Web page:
Some thoughts on the play and its evolution by Marcia Eppich-Harris. Get tickets here!
The Profession is the first full-length play I’d ever written. I’d started writing it in June of 2019 and finished a draft just in time to have a table read with the Indiana Playwrights Circle (IPC) in September 2019. It was accepted for the Indianapolis New Play Festival that Fat Turtle Theatre Company was putting on in May 2020. When Covid hit in March that year, and everything shut down, I was unsure if The Profession would ever see the stage.
It wasn’t just Covid that shut down this play, though. I was uneasy with it from the beginning. Much of the plot is based on my experience with being an academic. I tried to distance myself from the show by making the main character, Valerie, older – nearing retirement – and single. But the motivations were all wrong, and I knew it. I revised it relentlessly, using IPC as a resource, as well as dramaturge Andrew Kramer, and countless other readers, writers, and actors – including Becky Schlomann and Trick Blanchfield. The play evolved and changed dramatically over time, but I still couldn’t bear to allow Valerie’s character to become who she really was – a version of my own experience.
Small successes over time
Nevertheless, other people seemed to like the play. It was a semi-finalist in the Campfire Theatre Festival in 2020 (Idaho), a semi-finalist in the Athena Project in 2021 (Colorado), and a finalist in the Epiphanies New Play Festival with Wild Imaginings in 2021 (Texas). Wild Imaginings did a staged reading of the play, and people seemed to love it, but with the abortion laws changing in Texas, the theatre told me that The Profession was too controversial for them to fully produce.
Revising yet again
Then, Eric Bryant – originally cast as Mark in 2020 – asked me if Southbank would be interested in working on new play development with him. He’d worked in new play development in New York for a long time, and he missed doing that work. I jumped at the chance and asked if we could start with The Profession. Eric read a new draft and gave me generous notes. After sitting with it for a few days, I told him that I was going to radically revise the play one last time and see what he thought of it.
So I sat down one more time to rewrite the play. After fifty or so drafts and nearly three years of ruminating, I finally decided to make Valerie someone closer to my experience in higher education, still fictional but more honest. When Eric read the new version of the play, he seemed to think that it was much better, tighter, than the original. We did a staged reading at Mud Creek on July 1 and got feedback from the audience afterward. I made some adjustments after that reading, and what you’re seeing tonight is the result of three years of major development.
Writing is learning
What I’ve learned in the process of writing and rewriting this play is that the play isn’t about me. It’s about the dramatic questions raised in the first monologue: Who controls women’s bodies and who controls their destinies? Do women have agency in this world or are we simply at the mercy of the men in charge? Recent developments in politics have made our society ask these same questions, and perhaps we will always ask. But the past is not our destiny, as Valerie says at the end of the play. We can move on from our traumas and not let them be the only things that define who we are.
I hope the takeaway from The Profession is to be more empathetic with each other. All of us are struggling – some more than others. Our institutions – like higher education – need to recognize that they are part of the problem. How might colleges be improved with less emphasis on money (via sports, expensive dorms, and new buildings) and more emphasis on the betterment of society? Patriarchy is part of the problem, and it hurts men just as much as it hurts others. How might Mark and Paul have acted differently if they didn’t feel pressures from society to be “real men” and fit into their assigned roles? If there is a real villain in this play it is a combination of capitalism and patriarchy.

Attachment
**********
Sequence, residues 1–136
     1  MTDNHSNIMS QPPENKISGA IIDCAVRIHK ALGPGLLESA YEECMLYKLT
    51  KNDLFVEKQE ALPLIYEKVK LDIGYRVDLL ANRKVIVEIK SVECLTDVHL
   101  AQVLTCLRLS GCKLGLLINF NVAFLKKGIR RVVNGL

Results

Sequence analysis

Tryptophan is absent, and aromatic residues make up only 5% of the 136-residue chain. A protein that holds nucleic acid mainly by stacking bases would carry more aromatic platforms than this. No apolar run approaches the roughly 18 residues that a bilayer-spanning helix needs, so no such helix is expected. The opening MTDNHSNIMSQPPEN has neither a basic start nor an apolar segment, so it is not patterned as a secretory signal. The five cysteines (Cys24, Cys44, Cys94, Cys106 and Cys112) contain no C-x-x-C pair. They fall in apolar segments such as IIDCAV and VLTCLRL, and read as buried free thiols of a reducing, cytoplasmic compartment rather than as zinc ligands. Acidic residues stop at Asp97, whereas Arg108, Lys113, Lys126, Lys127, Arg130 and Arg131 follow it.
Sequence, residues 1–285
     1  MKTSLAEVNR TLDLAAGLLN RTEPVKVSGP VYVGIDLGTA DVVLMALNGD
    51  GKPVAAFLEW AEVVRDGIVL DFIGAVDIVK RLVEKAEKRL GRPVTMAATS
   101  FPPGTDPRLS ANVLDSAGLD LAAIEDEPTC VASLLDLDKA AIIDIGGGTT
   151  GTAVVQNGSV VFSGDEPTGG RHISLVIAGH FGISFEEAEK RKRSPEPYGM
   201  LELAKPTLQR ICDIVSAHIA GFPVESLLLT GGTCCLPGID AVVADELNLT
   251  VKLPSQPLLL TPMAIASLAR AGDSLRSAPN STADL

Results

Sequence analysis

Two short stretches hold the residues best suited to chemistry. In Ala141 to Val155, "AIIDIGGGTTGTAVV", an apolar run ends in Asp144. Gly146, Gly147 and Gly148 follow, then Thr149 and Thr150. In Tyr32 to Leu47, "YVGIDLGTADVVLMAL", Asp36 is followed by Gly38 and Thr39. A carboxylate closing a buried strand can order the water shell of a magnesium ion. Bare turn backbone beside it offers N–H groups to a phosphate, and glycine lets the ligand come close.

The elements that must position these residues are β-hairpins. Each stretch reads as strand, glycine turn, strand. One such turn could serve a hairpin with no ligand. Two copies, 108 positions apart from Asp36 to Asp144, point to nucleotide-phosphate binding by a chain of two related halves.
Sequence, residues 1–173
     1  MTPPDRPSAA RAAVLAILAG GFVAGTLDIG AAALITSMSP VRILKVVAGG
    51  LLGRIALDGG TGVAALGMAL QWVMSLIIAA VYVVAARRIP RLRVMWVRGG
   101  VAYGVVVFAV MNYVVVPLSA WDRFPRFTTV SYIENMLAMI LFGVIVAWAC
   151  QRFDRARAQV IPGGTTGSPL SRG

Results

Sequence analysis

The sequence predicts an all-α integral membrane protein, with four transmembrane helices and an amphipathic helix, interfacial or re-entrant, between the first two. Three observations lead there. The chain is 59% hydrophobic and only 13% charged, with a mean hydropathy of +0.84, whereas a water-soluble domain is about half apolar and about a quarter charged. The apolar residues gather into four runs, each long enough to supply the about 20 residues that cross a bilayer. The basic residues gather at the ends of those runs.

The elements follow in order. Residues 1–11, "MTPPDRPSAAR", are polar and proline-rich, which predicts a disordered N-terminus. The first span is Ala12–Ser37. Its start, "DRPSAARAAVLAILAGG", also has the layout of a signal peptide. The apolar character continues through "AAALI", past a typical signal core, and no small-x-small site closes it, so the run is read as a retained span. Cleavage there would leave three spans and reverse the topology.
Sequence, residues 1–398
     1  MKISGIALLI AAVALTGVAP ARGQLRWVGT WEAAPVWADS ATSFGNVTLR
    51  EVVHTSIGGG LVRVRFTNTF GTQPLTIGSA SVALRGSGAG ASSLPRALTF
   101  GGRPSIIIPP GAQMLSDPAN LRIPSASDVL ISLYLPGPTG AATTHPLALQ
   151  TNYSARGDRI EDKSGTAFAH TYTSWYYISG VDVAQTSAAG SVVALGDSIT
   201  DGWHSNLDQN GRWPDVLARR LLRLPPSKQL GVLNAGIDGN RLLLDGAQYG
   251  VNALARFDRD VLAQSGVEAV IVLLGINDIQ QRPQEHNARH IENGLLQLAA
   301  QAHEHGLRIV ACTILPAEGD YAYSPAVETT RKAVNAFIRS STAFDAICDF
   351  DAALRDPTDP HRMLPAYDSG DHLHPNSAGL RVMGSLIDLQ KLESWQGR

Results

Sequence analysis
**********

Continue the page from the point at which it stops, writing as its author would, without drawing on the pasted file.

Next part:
What is education for?
When you look up the benefits of higher education on Google, you find a lot of articles saying that education has a strong economic impact on our world. While that may be true, that’s not what I value when contemplating my years as a student and as a professor. I remember teachers who cared enough about me to read my creative writing outside of class time. I remember reading books that inspired me – that made me want to be a better person. I remember working through difficult problems and growing as a result. I remember students who confided in me when they were struggling, students who couldn’t help falling in love with literature, and students who changed before my very eyes as a result of their college experiences.
There is more to education than its economic consequences, yet we have become so focused on the money involved that we forget that students like Marina weep at the end of beautiful poems like Paradise Lost. We forget that our souls are invested in the process of becoming who we are – and that we cannot become self-actualized individuals without reaching outside our own experiences, reflecting upon big ideas, and connecting with others. That connection is also what this play is about – that without an earnest connection with others, we are lost. Valerie and Marina find that platonic, intellectual connection and as a result are healed.
I dedicate this play to the teachers who made a difference in my life and to the students whose curiosity and love of learning were never lost. If we, as a society, stopped focusing so much on the economic benefits of education and instead established personal growth and life-long learning as our goals, what wouldn’t we be able to achieve?
Join us at Fonseca Theatre, September 15-25 for the world premiere of The Profession! Tickets are available here!